Friedrich Nietzsche is associated with nihilism not because he advocated it, but because he saw it as an essential stage. Civilization, sensu Nietzsche, has a life cycle through which it ages and dies as its symbols become increasingly disconnected from reality. For people in a dying civilization, the only hope is a Viking funeral for all values, and then a rediscovery of what matters in life — an awakening.
Since Nietzsche, novelists have attempted to chronicle this awakening in different forms. Thomas Pynchon explicitly mentions it in his short fiction; William S. Burroughs takes us through the darkest depths of hell to find redemption in action; even popular fiction like Paulo Coelho tries to show us an invisible world beyond the world of appearance as dictated by society. Today I mention three classics of this genre from the oldest school of the philosophical novel: how to discover what you’re willing to die for.
Lancelot: A Novel
Walker Percy. Picador, $10
In this short book, a man discovers the life he was living was not what he thought it was, and then leads him to ask the fundamental question: how was I deceived? In fitting with the title, he discovers in himself a knightlike desire to wage warlike action in the name of moral alertness, or being awake to what goes on outside the visible, categorical, plastic-clean definitions used by our society to transact daily function. The book flirts with dangerous ideas and then quickly revokes them, much as Nietzsche flirted and then contradicted, to force us to invoke those issues and then pick our own reality more complex than voting for option A or option B, buying product Z or product W. While its topic is vital and kept me riveted, the use of language is somewhat heavy-handed. In fact, this book would benefit by losing a hundred pages or so (like many novels). There’s a mystery underlying the fundamental event of the novel and how it transpired, but what makes Percy a great writer is that by the time events are revealed, we the reader are so invested in his protagonist that it all seems quite natural, which is where we agree with what I surmise is Percy’s thesis: that in all of us is a Lancelot, and we’re happiest if we not only morally awaken but wage constant moral warfare against the slumbering, ignorant, beastlike complacency and deceptiveness of our species.
Robertson Davies. Penguin, $10
This book approaches a man after The Fall, or his descent into dissolution that masked a deeper void in his soul. He has gone partway through the descent and recovery process Nietzsche describes, wherein he is aware of the hollowness of social reality but cannot yet grasp something better to strive for, and so remains becalmed in negativity and self-destruction, like most people under 45 are today. Although the book is told through Jungian archetypes, its fundamental process is one of rediscovering value by confronting life itself and all of the illusions society uses to cover its fears — mortality, natural selection, failure — and so is a slow, cerebral buildup to an animalistic finale. What is most interesting about this book is that it shows a character before awareness coming to the ground of that awareness, and lets us breathe our own hopes into him instead of closing the cycle. Like all books from this author, it mixes wit with that multi-axial sense of being suspended between emotions and actions that is at home in the modern consciousness, and prized when it is truthful.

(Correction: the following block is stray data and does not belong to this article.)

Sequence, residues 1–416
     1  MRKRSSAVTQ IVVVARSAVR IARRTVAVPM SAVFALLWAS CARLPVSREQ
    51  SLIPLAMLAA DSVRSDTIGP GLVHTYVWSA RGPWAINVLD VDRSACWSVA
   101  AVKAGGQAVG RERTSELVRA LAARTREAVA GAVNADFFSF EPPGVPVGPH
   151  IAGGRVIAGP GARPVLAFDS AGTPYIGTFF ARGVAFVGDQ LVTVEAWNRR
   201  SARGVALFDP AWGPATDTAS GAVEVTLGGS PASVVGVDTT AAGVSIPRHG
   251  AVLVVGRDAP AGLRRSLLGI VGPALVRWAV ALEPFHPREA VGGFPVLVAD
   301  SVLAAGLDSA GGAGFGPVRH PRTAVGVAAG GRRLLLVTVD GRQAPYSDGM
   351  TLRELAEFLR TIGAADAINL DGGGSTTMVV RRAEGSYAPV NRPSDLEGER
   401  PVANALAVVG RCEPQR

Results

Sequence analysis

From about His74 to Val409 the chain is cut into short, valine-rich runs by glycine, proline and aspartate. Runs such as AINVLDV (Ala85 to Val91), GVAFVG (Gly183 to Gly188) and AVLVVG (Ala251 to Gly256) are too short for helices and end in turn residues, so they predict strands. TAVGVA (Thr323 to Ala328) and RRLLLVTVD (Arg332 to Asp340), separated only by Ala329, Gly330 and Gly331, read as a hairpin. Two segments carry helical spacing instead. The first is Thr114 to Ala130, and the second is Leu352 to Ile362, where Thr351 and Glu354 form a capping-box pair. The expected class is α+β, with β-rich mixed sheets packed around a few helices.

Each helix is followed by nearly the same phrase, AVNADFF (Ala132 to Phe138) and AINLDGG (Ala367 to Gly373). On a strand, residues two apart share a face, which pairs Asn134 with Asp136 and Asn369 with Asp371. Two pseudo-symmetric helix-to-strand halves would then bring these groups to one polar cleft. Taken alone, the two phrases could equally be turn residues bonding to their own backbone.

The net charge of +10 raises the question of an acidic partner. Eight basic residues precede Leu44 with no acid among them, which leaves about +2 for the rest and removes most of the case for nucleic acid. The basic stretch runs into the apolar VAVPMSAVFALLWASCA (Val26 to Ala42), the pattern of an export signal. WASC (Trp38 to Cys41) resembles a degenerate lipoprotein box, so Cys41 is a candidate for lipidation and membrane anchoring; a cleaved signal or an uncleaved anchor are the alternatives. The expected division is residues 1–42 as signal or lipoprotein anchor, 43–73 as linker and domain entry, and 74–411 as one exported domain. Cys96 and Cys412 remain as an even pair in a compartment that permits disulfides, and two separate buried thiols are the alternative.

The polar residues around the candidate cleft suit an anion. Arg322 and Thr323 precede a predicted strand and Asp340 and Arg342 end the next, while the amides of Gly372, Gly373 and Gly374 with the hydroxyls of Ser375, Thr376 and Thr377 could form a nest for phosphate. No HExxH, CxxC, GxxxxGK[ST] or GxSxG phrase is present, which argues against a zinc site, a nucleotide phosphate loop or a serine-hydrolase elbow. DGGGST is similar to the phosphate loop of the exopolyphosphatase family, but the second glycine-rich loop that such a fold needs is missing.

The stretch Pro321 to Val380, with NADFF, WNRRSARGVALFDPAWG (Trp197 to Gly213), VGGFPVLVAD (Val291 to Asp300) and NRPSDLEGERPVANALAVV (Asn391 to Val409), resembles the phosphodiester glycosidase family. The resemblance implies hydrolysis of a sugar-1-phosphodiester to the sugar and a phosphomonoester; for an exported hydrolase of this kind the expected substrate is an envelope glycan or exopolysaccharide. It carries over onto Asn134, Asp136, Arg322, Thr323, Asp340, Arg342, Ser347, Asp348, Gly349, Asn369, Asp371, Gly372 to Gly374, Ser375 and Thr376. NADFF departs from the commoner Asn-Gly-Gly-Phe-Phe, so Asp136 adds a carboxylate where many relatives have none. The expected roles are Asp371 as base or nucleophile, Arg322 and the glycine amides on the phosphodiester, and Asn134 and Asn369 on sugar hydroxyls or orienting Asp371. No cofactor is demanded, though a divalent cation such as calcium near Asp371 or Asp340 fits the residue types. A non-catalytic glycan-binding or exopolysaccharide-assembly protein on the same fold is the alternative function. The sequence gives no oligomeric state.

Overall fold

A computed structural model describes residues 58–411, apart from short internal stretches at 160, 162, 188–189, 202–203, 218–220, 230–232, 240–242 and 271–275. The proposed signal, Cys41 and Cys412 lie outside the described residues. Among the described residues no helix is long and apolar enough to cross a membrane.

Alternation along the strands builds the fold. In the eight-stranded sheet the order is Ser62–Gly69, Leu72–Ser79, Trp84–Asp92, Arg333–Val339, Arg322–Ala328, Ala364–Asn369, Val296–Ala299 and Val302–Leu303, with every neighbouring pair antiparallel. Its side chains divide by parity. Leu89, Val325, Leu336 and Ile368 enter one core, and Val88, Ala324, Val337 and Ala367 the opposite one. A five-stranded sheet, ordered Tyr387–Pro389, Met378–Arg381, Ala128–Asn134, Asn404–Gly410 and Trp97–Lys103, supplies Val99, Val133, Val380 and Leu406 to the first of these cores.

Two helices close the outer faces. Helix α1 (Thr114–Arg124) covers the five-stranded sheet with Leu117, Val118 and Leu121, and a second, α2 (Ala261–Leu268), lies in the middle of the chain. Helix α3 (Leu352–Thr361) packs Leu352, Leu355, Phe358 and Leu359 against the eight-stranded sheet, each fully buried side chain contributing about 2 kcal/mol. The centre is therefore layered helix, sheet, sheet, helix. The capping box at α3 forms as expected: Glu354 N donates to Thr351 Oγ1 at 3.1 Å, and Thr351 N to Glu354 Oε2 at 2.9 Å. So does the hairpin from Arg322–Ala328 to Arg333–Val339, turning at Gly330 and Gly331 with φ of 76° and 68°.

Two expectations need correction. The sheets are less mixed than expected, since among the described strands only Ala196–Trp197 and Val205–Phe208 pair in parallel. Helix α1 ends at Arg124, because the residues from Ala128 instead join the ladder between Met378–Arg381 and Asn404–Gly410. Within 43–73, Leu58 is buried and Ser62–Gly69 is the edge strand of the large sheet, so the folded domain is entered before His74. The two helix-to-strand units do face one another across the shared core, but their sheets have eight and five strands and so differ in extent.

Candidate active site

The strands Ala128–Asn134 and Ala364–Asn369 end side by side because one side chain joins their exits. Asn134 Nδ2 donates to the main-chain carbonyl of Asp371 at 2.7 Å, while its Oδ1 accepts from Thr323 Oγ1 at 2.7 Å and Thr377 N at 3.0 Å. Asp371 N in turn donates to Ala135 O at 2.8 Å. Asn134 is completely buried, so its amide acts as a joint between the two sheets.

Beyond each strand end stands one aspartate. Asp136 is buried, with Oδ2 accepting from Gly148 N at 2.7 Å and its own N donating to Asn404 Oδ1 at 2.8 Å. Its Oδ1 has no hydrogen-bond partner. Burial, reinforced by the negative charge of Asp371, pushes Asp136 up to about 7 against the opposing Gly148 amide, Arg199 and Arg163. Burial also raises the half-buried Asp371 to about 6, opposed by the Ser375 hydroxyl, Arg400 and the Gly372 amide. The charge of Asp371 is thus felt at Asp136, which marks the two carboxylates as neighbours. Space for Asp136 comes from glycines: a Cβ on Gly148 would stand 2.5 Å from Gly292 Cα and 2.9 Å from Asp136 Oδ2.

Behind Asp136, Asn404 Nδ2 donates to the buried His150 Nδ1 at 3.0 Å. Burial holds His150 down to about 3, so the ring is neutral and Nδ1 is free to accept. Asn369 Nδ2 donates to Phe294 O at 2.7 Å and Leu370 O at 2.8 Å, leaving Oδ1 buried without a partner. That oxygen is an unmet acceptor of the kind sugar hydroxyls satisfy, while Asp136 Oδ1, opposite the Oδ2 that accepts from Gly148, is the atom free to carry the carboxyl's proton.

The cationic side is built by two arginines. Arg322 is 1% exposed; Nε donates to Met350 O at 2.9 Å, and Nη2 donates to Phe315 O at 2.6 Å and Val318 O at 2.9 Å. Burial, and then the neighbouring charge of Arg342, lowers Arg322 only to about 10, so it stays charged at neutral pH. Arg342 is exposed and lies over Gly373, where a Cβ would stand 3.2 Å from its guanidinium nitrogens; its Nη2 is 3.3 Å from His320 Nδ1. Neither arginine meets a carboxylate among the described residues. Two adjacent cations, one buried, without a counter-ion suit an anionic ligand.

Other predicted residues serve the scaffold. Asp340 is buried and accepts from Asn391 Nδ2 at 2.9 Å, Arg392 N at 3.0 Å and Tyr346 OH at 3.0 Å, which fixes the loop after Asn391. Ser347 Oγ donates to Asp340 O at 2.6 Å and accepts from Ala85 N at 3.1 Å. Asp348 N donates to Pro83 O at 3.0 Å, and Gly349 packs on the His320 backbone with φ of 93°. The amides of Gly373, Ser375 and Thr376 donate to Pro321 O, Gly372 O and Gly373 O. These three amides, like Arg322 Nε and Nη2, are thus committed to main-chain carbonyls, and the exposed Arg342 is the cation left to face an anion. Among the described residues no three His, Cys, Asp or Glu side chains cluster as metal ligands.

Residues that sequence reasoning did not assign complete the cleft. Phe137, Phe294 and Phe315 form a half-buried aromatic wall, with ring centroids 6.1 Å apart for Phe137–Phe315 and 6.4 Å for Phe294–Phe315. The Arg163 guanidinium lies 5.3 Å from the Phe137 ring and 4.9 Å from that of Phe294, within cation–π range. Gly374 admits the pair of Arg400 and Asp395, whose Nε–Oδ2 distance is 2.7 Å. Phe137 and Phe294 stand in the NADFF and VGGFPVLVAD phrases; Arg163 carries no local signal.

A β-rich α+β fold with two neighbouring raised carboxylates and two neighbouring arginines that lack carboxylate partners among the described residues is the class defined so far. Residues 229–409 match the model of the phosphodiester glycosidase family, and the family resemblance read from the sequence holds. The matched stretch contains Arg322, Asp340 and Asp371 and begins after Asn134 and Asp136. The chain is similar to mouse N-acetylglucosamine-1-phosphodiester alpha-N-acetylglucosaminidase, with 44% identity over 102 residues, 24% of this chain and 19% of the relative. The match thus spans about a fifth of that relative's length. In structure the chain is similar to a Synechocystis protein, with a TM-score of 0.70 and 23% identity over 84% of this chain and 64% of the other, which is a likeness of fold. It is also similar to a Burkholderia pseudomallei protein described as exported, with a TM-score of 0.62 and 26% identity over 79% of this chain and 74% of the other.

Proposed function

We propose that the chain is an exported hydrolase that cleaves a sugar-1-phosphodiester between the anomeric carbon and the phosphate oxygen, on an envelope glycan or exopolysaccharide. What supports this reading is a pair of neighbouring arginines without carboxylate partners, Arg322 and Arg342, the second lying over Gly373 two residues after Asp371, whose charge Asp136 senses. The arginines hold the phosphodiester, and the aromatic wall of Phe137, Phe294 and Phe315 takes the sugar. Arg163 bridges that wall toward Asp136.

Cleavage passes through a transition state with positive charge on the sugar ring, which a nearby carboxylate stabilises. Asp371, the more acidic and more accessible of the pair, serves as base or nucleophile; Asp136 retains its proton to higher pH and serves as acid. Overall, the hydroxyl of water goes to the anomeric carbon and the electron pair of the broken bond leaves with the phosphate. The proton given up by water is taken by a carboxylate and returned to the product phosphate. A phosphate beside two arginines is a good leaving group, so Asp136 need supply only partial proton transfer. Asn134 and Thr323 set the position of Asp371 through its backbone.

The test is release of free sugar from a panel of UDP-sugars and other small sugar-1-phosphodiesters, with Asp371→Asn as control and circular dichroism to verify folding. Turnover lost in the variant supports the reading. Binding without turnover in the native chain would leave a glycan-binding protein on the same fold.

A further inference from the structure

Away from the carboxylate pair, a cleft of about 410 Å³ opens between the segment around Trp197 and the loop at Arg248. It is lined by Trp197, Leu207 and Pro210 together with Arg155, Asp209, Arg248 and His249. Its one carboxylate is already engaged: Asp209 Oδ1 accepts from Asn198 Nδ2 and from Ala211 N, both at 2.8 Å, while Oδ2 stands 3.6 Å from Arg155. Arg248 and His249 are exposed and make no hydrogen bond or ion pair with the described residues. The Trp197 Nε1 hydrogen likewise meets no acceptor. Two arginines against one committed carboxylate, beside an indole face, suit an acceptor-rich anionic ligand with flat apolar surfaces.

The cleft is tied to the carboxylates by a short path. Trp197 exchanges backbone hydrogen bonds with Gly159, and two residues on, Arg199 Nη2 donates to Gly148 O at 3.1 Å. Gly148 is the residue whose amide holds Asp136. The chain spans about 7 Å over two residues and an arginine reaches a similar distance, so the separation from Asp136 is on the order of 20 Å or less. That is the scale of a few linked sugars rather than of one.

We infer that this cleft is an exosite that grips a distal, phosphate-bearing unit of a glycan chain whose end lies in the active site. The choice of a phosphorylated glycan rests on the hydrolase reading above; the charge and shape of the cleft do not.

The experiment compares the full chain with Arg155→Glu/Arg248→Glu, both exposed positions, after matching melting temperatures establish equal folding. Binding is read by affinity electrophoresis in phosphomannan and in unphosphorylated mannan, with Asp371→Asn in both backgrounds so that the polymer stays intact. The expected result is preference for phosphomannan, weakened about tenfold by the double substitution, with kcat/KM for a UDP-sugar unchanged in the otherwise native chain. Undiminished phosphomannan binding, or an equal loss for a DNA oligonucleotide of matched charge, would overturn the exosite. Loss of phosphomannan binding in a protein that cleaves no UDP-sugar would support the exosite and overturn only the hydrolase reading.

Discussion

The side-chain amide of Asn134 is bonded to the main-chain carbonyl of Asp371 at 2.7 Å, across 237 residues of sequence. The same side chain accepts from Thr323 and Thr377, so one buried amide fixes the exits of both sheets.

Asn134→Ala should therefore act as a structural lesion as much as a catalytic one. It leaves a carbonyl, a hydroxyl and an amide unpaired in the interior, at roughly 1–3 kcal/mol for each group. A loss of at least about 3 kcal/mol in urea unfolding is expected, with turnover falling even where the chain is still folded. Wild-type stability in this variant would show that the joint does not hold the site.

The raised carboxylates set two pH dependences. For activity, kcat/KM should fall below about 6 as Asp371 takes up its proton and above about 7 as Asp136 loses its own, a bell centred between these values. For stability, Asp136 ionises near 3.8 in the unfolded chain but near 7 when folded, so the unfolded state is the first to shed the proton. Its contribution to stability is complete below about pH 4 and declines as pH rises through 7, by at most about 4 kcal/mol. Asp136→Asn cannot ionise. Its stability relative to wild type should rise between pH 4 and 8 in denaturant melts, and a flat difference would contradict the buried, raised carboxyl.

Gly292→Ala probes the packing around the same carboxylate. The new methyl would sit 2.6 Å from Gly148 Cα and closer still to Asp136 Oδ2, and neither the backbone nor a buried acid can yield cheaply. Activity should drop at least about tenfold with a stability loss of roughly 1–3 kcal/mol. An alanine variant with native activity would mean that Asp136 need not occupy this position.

The Quiet American
Graham Greene. Penguin, $10
At its simplest level, this is a wartime political novel, written before American involvement in Viet Nam really took on stature, but showing the fundamental flaws not of an army, a political party or a nation, but of an attitude. In this circuitous novel that veers between disturbing action and contemplative scenes of social interaction, characters wrestle with their own balance between wanting to do what is logical and getting caught up in the forest of symbols, emotions, ideals and subterfuges that define the modern West. Much like Heart of Darkness and later Apocalypse Now this shows us people unwilling to win wars, or make their personal lives achieve clarity, because they are ghettoized in their individualism, comfort, and lazy self-deception. Like most books of this genre, it comes to a crashing denouement as one character grows a pair and risks the confrontation with social illusion — not social morality, not its conventions, but the basic illusion of society itself: that now that we’re part of it, we must no longer struggle for clarity, but can let its bureaucratic and unctuous socialization define that for us — and goes to war with the assumptions that lead to misery.